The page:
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Bangladesh

Money & costs

Contents

Costs

Whatever budget you’re travelling on, you can be certain that you’ll get more for your money in Bangladesh than just about anywhere else on earth. If you’re the type of traveller who sees a cockroach-infested room as just a place to sleep, then you’ll enjoy Bangladesh. For as little as Tk 60 you can have a room all to yourself, for Tk 30 you can get an enormous meal and for around Tk 5 you can buy a street snack. A backpacker looking to stretch the pennies can easily get by on US$6 a day or less. At the ‘you only live once’ end of the spectrum, you can pay a couple of hundred US dollars for a lavish room, and buy a meal of the same quality and for the same price that you would expect at home (though travel at this end of the scale is only really feasible in Dhaka and Chittagong).

Most people, even those who are confirmed budget travellers elsewhere, travel on a midrange budget in Bangladesh. For between Tk 400 and Tk 1000 a night you will be able to find a nice place to stay with all the necessary amenities. A Tk 120 meal is large and tasty. In the way of transportation, there is a range of classes on trains and boats, and different types of buses, which offers enormous flexibility when weighing up value and comfort. A couple staying together in good quality hotels, travelling on 1st-class train carriages and eating in decent restaurants should budget about US$15 each a day.

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Money

The local currency of Bangladesh is the taka (Tk; rhymes with Dhaka), which is further divided into 100 paisas. There are 10, 20 and 50 paisa, and Tk 1, Tk 2 and Tk 5 coins. There are notes in denominations of Tk 1, Tk 2, Tk 5, Tk 10, Tk 20, Tk 50, Tk 100 and Tk 500.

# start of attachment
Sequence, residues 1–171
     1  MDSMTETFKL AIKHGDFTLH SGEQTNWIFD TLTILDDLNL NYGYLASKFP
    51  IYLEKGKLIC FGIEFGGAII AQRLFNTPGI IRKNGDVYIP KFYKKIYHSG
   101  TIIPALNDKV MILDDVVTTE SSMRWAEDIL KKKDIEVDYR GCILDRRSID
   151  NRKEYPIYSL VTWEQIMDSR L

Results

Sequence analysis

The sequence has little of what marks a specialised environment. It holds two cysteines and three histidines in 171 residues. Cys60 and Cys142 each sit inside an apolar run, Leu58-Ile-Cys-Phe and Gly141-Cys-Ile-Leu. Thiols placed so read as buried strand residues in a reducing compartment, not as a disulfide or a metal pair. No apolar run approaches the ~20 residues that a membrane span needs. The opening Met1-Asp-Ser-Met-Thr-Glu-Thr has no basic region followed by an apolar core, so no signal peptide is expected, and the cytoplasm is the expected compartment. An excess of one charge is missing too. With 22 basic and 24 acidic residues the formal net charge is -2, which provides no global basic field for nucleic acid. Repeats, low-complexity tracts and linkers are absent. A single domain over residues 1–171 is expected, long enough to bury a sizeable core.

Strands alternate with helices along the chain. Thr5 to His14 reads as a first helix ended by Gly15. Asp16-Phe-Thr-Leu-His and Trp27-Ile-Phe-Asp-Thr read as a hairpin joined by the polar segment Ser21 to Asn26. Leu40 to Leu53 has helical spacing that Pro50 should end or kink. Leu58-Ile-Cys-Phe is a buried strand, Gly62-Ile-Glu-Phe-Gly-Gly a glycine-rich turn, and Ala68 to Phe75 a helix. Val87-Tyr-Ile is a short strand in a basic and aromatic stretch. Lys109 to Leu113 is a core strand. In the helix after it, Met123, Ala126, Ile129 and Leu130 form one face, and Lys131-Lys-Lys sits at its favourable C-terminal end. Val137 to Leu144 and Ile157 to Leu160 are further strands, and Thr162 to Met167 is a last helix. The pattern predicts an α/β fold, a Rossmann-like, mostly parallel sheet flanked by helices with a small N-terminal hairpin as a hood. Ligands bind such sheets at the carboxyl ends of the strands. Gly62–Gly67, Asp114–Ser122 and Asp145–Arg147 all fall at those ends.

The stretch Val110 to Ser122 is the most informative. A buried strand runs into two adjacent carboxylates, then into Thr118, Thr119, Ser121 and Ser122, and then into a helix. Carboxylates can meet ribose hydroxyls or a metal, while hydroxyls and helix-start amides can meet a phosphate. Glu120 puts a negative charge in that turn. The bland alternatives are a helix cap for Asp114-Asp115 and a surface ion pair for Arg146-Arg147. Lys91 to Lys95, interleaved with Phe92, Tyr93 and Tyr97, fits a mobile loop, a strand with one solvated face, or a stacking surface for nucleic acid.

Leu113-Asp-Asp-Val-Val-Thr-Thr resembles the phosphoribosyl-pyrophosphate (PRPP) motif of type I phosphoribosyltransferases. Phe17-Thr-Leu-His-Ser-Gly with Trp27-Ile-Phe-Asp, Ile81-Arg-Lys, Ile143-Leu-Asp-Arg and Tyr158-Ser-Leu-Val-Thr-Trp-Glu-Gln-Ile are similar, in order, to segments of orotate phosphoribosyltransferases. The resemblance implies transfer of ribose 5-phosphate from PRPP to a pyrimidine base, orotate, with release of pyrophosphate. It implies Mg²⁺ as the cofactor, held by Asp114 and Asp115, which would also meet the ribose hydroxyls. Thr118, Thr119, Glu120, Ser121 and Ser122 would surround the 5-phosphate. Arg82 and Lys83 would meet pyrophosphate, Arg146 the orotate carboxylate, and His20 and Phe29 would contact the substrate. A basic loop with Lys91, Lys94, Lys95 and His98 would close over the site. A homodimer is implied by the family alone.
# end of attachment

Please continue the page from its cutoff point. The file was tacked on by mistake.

Torn notes may be refused by merchants. Most banks will exchange them for you.

Bangladesh is a long way behind much of the world when it comes to banking and exchanging money. Most banks outside the big cities won’t exchange money in whatever form you present it – even dollar or euro cash receives wide-eyed stares of bewilderment. It’s best to change as much money as you are likely to need in Dhaka, Chittagong and Sylhet. You might get lucky elsewhere, but many travellers find themselves getting caught short when no bank for miles around will exchange money or travellers cheques for them and every ATM spits out their card in disgust!

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ATMs

Major towns and cities have ATMs, and there appear to be more on the way. However, the vast majority don’t accept foreign bank or credit cards. The most reliable are those belonging to Standard Chartered Bank, Dutch-Bangla Bank and HSBC, and with any of these three you shouldn’t have any problems with a Visa card, but Cirrus or MasterCard might present problems. Unfortunately, these machines are only found in the biggest towns and cities. ATMs are usually open-all-hours guarded booths.

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Cash

It is a good idea to bring US dollars with you to change into local currency when you can’t change travellers cheques or use a credit card. US dollars are the preferred currency, with euros running a very distant second. Again, only banks like Standard Chartered and HSBC in the biggest centres are likely to change cash for you.

At some banks you may have to show your passport even when changing cash.

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Credit cards

Visa, MasterCard and American Express are usually accepted by major hotels and restaurants in Dhaka and Chittagong.

Cash advances on credit cards can be made at Standard Chartered and HSBC banks. HSBC ATMs do not accept Cirrus cards.

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Moneychangers

There are a few authorised moneychangers that legally convert cash on the spot at good rates. They’re open all hours and can convert taka into US dollars as well. If it looks like a well-run establishment, chances are it is.

With the liberalisation of the economy, there is essentially no black market.

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Travellers cheques

Put simply, don’t bother! Only the biggest international banks are likely to accept them and even then it will be with great reluctance.

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